Zero Waste - The Next Steps

Updated: Aug 9, 2019

So, you’ve already begun your journey to a lower waste lifestyle. It’s easy isn’t it? And surprising how just a few small changes can greatly reduce your waste. Once you’ve mastered the top 5, why not try to swap to some other alternatives? Here are our recommendations to help you on your way to zero-waste.

1. Food containers

If you’re a food on the go kind of person, then you may have noticed that take-away or pre-made food usually comes in some sort of plastic container. One way to easily avoid this is to carry your own container with you. You can go to your local take-away place and ask them to put your food in your own container rather than using one of theirs. You can use anything really from a tupper-wear to a metal dish.

2. Toothbrush

Considering that this is something that we do at least twice a day, brushing our teeth is a pretty important part of our daily routine. Toothbrushes are usually made out of plastic and as we frequently change our brush, that’s a lot of plastic waste. Why not switch to an alternative toothbrush such as a bamboo or wooden one? They are made from wood which can be recycled and in some cases even composted. Just be careful when recycling your brush as the bristles may still be plastic.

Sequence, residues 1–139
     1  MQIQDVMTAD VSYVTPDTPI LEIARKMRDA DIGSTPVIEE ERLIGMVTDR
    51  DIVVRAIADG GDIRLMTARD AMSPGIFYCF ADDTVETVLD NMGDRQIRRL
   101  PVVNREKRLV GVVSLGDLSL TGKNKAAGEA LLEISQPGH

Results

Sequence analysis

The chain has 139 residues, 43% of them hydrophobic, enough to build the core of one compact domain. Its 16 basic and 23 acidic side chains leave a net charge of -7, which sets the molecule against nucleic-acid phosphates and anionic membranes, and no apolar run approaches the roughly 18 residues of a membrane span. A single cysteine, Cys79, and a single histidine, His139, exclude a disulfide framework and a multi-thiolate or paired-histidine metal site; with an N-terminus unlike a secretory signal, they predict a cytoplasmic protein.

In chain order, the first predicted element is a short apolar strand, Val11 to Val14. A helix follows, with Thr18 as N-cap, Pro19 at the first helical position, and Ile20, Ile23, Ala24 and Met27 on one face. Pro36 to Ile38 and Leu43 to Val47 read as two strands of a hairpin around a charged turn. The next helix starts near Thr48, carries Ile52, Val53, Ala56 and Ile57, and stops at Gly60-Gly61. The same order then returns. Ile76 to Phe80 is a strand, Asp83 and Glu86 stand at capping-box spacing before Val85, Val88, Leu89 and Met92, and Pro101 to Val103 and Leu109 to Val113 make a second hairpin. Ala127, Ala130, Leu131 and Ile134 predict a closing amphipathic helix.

3. Food wraps

What do you usually do when you half finish a lemon or an avocado? If you typically wrap it in plastic (such as cling-film) then this can end up amounting to a fair amount of plastic waste. A great alternative is a bees-wax wrap. They can be washed and re-used time after time.

4. Cloth food bags

We have already tackled the issue of the plastic bag at the checkout desk. But what about individual plastic bags that are typically used when purchasing lose items (such as fruit and veg). Instead, you can use cloth bags to gather up your items and keep them together for weighing and buying. These are especially useful when going bulk shopping and buying large quantities of unpackaged food.

5. Sponges

Did you know that sponges are made of microfibres of plastic? Yikes, what isn’t made of plastic? Luckily there are other options available to ensure that washing our dishes doesn’t mean letting tiny plastic particles into the water system. You can use a brush, which are typically compostable and recyclable or even just a cloth that you may already in home.

By Lydia Gaskell

Photos: Andrea Torres